Americans' clout and morale to suffer?

     The revamping will leave Americans with diminished clout on DaimlerChrysler's German-dominated board. Americans account for seven seats on the current 17-member board, or about 41 percent of the votes. In the revamped panel, they will hold five of 14 seats, representing 35.7 percent.
     The one gain by Americans is that Tom Gale -- the board member in charge of product development for the Chrysler, Plymouth, Jeep and Dodge brands -- will stay on the board and head a company-wide automotive council whose mission is to look at "integration opportunities and ensure cross-fertilization of innovation, knowledge, technologies and ideas."
     But there have been reports that Gale, one of the industry's most respected design executives, is looking at leaving sometime this winter and is upset over the loss of Chrysler's autonomy under the merger. A Chrysler spokeswoman would not comment on the report about Gale.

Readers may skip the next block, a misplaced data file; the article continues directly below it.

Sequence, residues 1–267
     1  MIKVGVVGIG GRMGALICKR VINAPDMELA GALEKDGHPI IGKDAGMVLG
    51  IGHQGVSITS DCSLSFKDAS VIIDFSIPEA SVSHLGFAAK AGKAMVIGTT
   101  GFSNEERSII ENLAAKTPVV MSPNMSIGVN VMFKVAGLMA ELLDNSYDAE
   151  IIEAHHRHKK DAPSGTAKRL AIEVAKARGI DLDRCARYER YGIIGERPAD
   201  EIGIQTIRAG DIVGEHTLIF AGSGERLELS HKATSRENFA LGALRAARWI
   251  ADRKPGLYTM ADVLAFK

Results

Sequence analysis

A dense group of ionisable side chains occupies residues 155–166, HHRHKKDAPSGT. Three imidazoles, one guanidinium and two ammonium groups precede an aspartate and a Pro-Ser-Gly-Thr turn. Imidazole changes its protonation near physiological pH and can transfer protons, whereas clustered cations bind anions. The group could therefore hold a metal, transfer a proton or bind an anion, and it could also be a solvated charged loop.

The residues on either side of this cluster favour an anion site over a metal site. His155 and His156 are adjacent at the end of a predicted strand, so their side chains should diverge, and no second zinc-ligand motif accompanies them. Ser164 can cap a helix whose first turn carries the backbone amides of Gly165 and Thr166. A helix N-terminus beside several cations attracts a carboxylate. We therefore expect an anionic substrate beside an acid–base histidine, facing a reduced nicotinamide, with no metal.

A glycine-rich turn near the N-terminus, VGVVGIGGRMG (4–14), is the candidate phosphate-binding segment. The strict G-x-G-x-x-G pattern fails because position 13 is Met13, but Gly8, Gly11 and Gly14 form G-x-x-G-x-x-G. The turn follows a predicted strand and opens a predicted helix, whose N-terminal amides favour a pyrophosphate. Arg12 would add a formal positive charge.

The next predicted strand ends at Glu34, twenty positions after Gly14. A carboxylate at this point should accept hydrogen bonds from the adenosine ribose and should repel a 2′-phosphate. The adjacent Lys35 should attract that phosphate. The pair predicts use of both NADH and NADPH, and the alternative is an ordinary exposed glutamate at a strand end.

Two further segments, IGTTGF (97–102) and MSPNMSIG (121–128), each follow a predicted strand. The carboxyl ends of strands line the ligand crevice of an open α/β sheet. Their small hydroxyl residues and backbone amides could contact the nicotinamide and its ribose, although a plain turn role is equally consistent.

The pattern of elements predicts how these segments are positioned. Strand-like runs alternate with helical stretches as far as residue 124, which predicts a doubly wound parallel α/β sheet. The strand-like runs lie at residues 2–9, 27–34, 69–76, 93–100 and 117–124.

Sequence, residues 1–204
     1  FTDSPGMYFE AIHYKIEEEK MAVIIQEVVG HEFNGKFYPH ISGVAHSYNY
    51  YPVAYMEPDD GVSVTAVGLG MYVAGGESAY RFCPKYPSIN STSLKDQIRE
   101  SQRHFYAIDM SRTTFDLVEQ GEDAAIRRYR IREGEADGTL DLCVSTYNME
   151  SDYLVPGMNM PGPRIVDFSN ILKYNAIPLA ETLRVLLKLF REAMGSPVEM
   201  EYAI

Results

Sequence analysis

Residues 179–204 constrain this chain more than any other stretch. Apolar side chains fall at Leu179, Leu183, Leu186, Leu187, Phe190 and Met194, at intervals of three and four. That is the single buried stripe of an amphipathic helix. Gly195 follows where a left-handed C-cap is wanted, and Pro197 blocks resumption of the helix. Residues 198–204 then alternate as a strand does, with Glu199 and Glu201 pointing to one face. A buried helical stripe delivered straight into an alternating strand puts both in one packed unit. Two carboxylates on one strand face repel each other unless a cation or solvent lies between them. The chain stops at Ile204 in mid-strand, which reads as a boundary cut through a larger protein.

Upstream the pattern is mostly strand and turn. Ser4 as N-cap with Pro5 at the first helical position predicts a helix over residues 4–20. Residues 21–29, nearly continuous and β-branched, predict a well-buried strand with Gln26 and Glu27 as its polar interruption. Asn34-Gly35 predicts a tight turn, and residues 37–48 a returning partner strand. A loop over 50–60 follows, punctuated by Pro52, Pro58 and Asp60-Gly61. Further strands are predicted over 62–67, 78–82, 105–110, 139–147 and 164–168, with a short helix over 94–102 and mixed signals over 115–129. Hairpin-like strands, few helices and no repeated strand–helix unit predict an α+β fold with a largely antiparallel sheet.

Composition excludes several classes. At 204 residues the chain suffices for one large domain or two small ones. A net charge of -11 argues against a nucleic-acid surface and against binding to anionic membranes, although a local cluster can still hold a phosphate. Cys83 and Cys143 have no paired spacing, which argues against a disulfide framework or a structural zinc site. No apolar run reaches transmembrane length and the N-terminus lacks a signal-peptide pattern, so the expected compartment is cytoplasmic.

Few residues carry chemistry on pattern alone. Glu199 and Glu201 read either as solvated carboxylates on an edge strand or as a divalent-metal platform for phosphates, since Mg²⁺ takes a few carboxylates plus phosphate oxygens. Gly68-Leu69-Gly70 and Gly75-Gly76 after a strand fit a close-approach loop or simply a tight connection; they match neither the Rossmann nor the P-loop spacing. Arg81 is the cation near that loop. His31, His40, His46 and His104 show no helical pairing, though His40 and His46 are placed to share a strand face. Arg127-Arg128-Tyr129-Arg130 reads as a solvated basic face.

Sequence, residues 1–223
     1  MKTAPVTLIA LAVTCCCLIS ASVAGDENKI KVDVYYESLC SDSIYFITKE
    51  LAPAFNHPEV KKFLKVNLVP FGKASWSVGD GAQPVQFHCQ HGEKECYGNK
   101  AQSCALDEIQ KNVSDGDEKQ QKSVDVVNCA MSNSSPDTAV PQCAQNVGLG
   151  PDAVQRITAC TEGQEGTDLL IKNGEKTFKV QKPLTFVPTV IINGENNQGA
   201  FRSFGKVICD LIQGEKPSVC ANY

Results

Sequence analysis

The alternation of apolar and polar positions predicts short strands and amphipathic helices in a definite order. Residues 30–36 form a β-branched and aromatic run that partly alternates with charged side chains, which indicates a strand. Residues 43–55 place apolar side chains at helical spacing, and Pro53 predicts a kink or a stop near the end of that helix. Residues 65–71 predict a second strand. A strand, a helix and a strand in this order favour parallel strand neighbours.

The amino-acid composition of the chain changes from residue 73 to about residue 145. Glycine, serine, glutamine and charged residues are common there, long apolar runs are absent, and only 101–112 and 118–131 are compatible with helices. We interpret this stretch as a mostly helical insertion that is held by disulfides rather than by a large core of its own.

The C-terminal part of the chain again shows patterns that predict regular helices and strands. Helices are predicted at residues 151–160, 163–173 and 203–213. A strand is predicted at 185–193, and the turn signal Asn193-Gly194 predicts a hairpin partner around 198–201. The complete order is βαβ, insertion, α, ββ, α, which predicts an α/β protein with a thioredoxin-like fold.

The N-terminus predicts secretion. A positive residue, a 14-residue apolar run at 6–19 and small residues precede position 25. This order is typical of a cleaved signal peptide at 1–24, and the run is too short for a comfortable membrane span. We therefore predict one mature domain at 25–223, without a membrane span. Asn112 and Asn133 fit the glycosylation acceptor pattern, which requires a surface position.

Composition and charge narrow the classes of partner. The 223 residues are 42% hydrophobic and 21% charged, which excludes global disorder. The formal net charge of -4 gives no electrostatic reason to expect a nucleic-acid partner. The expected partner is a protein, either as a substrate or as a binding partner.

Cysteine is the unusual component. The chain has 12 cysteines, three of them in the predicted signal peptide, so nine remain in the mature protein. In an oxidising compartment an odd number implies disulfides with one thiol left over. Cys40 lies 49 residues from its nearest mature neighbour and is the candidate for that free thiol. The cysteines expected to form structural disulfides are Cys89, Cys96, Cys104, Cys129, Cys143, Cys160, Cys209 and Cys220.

Still, the departure of Stallkamp is likely to worsen morale problems among top U.S. executives, Lobaccaro said.

Robert Eaton Juergen Schrempp

"There's probably going to be a little bit of an alienation," he said. "The morale is likely to sink a bit. He was really their leader. Whenever they have poor morale, it could impact performance. So we'll be cautious on the stock until they kind of hit bottom and you begin to see some light at the end of tunnel."
     Fahnestock & Co. analyst Richard Hilgert said suppliers have told him DaimlerChrysler has begun moving away from its partnership program with them, an approach Stallkamp championed as he improved supplier relations and cut costs.
     "We are going to see more resumes coming out of Auburn Hills," Hilgert said, referring to the Michigan city that is home to DaimlerChrysler's U.S. headquarters. "I don't think it's over yet."
     Eaton conceded morale and questions about the leadership at DaimlerChrysler has been unsettling to the employees and investors, but said Friday's announcement should allow the combined company to move past those concerns.